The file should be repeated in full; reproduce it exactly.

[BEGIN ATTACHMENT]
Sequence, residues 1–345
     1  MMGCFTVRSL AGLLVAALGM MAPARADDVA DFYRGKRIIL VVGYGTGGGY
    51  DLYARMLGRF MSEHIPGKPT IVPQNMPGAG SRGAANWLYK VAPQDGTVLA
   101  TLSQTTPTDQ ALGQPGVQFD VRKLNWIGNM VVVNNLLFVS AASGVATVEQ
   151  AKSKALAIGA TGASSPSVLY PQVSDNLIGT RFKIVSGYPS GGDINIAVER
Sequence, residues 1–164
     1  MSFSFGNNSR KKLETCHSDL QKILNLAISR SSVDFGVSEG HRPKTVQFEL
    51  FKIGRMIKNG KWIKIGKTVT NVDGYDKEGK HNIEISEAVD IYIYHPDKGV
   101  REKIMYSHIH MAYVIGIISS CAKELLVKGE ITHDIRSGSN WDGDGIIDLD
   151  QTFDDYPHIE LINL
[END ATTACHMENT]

Sequence, residues 1–345
     1  MMGCFTVRSL AGLLVAALGM MAPARADDVA DFYRGKRIIL VVGYGTGGGY
    51  DLYARMLGRF MSEHIPGKPT IVPQNMPGAG SRGAANWLYK VAPQDGTVLA
   101  TLSQTTPTDQ ALGQPGVQFD VRKLNWIGNM VVVNNLLFVS AASGVATVEQ
   151  AKSKALAIGA TGASSPSVLY PQVSDNLIGT RFKIVSGYPS GGDINIAVER
Sequence, residues 1–164
     1  MSFSFGNNSR KKLETCHSDL QKILNLAISR SSVDFGVSEG HRPKTVQFEL
    51  FKIGRMIKNG KWIKIGKTVT NVDGYDKEGK HNIEISEAVD IYIYHPDKGV
   101  REKIMYSHIH MAYVIGIISS CAKELLVKGE ITHDIRSGSN WDGDGIIDLD
   151  QTFDDYPHIE LINL